Los Angeles Times’ newsroom guild agreed Friday to accept a 20% reduction in pay and hours for its members amid a devastating decline in advertising because of the coronavirus crisis.
In an effort to help management reduce expenses, nearly 440 journalists represented by the Media Guild of the West will have their wages and hours cut for 12 weeks, beginning May 10. Journalists will work four days each week instead of the usual five days. The reductions are expected to save more than $2 million.
“This is the best possible deal we could have made under the circumstances,” Anthony Pesce, president of the NewsGuild-Communications Workers of America Local 39213, said. “We worked very quickly to arrive at a solution that will ultimately help everyone.”
With the agreement, The Times becomes the latest news organization to cut pay for journalists due to the COVID-19 pandemic. Newspaper advertising has been decimated as retailers, movie theaters and live event sponsors have pulled their ad buys because their stores and venues are closed. Newspapers were already struggling before the pandemic because of a migration of ad dollars to internet giants like Facebook and Google, but the health crisis has made the situation more dire.
As part of the pact, The Times’ management said it would not lay off any member of the guild during the 12-week period. At the guild’s urging, The Times also made a commitment to apply for California’s Unemployment Insurance “Work Sharing Program,” a program established in 1978 and that allows eligible employees to receive unemployment benefits even though they still have a job. The Times also will seek unemployment benefit coverage for its journalists in Washington, D.C.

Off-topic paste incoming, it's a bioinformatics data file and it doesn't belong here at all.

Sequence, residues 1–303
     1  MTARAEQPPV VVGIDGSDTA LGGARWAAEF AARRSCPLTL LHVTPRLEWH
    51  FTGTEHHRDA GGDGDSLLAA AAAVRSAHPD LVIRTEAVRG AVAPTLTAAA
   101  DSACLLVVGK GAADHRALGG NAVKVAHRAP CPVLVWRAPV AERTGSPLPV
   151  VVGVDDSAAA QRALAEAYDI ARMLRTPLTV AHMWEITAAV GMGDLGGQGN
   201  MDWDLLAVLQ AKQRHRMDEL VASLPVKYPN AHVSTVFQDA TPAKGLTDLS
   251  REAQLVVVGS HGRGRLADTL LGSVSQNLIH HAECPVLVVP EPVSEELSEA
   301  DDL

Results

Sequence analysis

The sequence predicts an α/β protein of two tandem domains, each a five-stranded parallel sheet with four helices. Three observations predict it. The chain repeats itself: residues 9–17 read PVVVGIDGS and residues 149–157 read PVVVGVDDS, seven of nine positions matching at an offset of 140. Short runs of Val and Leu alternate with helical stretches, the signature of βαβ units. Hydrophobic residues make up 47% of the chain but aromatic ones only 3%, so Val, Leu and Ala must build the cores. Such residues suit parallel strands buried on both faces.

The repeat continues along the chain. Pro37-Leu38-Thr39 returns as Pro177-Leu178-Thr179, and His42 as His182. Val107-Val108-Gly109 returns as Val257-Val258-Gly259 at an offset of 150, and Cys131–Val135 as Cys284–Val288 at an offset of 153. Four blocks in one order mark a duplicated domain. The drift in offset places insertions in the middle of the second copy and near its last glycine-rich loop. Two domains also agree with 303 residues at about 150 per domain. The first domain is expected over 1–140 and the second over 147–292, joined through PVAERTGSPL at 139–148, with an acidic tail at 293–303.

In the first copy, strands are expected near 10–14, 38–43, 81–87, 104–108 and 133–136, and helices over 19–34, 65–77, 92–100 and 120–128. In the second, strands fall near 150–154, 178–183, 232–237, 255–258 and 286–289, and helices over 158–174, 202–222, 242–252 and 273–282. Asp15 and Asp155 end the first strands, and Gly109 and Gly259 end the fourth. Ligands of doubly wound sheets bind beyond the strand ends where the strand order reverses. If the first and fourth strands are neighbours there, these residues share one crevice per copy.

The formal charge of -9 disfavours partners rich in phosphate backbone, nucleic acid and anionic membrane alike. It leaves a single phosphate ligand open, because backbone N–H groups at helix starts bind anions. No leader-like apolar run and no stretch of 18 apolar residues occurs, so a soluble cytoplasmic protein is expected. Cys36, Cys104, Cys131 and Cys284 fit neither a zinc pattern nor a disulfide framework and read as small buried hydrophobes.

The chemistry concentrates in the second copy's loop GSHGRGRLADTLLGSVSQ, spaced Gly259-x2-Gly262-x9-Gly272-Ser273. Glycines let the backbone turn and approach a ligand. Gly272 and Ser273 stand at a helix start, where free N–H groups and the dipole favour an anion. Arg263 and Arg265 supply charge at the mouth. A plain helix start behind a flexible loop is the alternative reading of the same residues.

Should the state decline The Times’ application, the paper would abandon its plan to reduce the wages and hours of those represented by the guild.
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The pay reductions will not extend beyond Aug. 1, unless the two sides agree to further cuts.
“We are proud of the work being done, from the pressroom to the newsroom, to inform the community at such a critical time,” Chris Argentieri, president and chief operating officer of California Times, said in a statement. “We are humbled by the dedication of our staff, the sacrifices they continue to make, and the support of our readership as we manage through this difficult time. We are pleased to have reached an agreement with the Guild and thank their leadership along with the workforce across our company for their collaboration and consideration as we meet the challenges of this crisis.”
Last fall, the paper signed its first-ever collective bargaining agreement with newsroom employees, which required the two sides to negotiate a deal. Most non-management newsroom staff are covered, including reporters, data journalists, copy editors, librarians, web producers, audio producers, page designers, photographers and videographers.
The paper, along with its parent California Times, has already taken steps to slash costs in response to the pandemic. Senior managers, including eight top editors in the newsroom, had their pay cut by as much as 15% in mid-April. Some business-side employees were furloughed, and some non-guild employees will have the company’s match to their 401K contributions suspended.
California Times also folded three community newspapers — the Burbank Leader, Glendale News-Press and the La Cañada Valley Sun — and laid off 14 people who produced those weekly publications.
On Thursday, La Cañada Flintridge publisher, Charlie Plowman, acquired the three titles. Plowman did not agree to hire the laid-off workers and plans to use his existing staff to create content. The Burbank and Glendale papers are expected to restart Saturday.